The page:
It can be challenging to decide on the target market for your game. But isn’t it crucial to know who will play your game? What every developer should seek is an approach to game development where you decide and build the target audience for your game before anything else.
Sounds interesting, doesn’t it? Let’s dive deeper into it.
Experts say that understanding your audience is the key to designing a successful game. If you have the intended use and target market of your game in mind, you are more likely to succeed than those that try to find an audience after releasing it. Audience demographics are not just limited to the age, gender, and genre of liking, but it stretches far beyond that (You’ll know what we mean, keep reading).
The Game Literacy Paradox
A game designer, through careful target audience research, can predict user behavior easily by which he can deliver the best game in the market. By observing player behavior and the concept behind gaming purchases, any gaming company can make new games, apply effective marketing efforts, and eventually increase revenue.
The Game Literacy paradox lies on the foundation of understanding the different kinds of games your players have enjoyed before, and the systems they’ve encountered in those games. What games people have enjoyed before makes way more difference in their engagement than how old they are, their gender, or even the genre of the game.
Game Promise As Market
Now that you’ve understood what Game Literacy Paradox is, let’s understand Game Promise and how to use it as a market. What promise is your game offering? A promise can be anything from an emotion to a USP. It is a string that you pull to sell your game to the audience; simply put it’s your marketing campaign.
For example, if a company is building a competitive game, they would sell that emotion of competitiveness to the market. The way to go about it is to look at the promise of the games the audience loves, and either offer them more of that or even better, what they want next.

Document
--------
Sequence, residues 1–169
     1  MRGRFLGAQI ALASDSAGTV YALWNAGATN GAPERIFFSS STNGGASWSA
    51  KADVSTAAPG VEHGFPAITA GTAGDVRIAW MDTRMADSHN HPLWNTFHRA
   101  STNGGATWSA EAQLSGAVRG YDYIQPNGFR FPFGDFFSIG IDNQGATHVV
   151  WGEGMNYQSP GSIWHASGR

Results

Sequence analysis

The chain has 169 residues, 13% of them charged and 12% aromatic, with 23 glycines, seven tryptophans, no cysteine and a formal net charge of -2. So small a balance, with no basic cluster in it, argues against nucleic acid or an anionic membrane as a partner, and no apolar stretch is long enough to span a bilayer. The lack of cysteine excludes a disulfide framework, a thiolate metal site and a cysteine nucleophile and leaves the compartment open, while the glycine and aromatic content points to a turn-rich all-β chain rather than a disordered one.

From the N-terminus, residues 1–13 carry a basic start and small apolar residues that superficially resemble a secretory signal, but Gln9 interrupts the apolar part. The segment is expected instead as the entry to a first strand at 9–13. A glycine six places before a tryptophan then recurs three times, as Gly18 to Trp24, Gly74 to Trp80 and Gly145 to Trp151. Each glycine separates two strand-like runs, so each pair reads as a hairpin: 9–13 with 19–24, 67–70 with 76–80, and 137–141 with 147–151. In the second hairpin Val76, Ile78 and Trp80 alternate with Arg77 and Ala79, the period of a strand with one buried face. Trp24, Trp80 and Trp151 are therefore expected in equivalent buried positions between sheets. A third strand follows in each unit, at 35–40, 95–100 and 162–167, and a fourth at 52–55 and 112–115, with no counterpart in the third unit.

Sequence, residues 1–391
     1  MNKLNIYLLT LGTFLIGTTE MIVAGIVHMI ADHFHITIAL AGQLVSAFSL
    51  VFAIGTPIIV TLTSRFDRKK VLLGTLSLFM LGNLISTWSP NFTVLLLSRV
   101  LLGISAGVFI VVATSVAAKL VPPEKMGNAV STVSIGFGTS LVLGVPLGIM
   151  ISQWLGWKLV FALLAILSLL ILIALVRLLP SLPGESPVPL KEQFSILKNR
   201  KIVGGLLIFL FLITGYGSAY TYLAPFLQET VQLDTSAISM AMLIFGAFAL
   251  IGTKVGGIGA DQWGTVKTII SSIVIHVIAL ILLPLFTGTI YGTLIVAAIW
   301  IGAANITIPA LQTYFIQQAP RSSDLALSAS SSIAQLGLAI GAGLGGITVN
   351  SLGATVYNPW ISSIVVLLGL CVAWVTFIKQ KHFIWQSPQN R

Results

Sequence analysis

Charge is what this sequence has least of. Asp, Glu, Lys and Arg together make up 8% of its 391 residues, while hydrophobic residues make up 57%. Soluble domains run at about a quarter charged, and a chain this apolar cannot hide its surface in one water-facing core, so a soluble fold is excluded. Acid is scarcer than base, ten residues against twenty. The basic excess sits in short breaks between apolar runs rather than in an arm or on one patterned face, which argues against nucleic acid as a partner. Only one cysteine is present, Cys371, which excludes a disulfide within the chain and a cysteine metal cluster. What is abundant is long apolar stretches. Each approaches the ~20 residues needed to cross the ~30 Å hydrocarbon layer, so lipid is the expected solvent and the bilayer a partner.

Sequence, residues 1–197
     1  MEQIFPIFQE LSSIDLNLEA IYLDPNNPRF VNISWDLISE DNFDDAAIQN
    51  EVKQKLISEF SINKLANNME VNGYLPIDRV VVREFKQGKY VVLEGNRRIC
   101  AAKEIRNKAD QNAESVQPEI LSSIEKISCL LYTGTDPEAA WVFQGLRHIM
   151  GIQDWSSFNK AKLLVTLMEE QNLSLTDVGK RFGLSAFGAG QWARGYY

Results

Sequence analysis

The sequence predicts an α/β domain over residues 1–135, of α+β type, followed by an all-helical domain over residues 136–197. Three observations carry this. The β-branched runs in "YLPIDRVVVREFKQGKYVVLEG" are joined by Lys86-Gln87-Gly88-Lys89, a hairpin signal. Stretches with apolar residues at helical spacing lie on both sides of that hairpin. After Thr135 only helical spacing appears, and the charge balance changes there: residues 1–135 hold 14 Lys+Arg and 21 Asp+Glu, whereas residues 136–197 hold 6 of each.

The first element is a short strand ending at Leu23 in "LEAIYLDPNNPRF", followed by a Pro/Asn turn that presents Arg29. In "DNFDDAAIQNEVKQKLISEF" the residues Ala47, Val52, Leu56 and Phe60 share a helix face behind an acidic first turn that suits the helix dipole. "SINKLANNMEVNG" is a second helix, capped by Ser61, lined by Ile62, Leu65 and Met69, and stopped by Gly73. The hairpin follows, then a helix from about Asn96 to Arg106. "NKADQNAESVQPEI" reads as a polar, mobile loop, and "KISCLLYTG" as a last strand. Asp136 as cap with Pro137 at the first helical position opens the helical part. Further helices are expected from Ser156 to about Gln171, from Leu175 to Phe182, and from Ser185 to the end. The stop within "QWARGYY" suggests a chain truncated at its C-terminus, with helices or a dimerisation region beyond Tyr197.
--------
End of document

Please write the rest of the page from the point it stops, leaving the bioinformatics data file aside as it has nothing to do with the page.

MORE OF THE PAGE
The Game Development approach to prioritizing your audience uses game promise as a market so it is important to know and not divert from the promise of the game yourself. Post that you factor the game literacy into that promise. It will help you align on the design but would also help you in marketing that emotion to sell the game.
How Do You Build A Game Promise?
Building a game is not just about coding and deploying it for gamers to play, it is about building an unforgettable gameplay experience that is either new for them, or an advanced version of the games that they’ve already been playing.
Nobody wants to or intends to build a game that the audience wouldn’t enjoy. In the world of blockchain and DeFi, the gaming industry has evolved so much that finding a game promise or a selling point for the intended audience, can be difficult. But let’s have a look at some points that can help you in the process:
- Test various Promises of your game before you start coding
- Test different art styles and genres.
- Don’t look for hit indicators, you won’t find them. Passionately look for evidence to prove yourself wrong.
- Build anti-personas. You need a game design strong enough that some players hate it.
Everything lies based on understanding user behavior. If you understand your gaming audience well enough, you would know the Unique point that would sell your game.
The approach of building a specific audience before a popular game might sound obscure at first but makes a lot of sense. And your analytics don’t end with the deployment. Studying user behavior is still important even if you have released your game. You cannot enhance anything if you cannot measure it. Knowing whether or not your efforts are being useful is crucial. So, if you’re building your game today, establish and know your audience well. Because at the end of the day, It is more important to consider what your audience wants and how to satisfy them, than what you have to offer. For everything else in your game development journey, metaENGINE is here!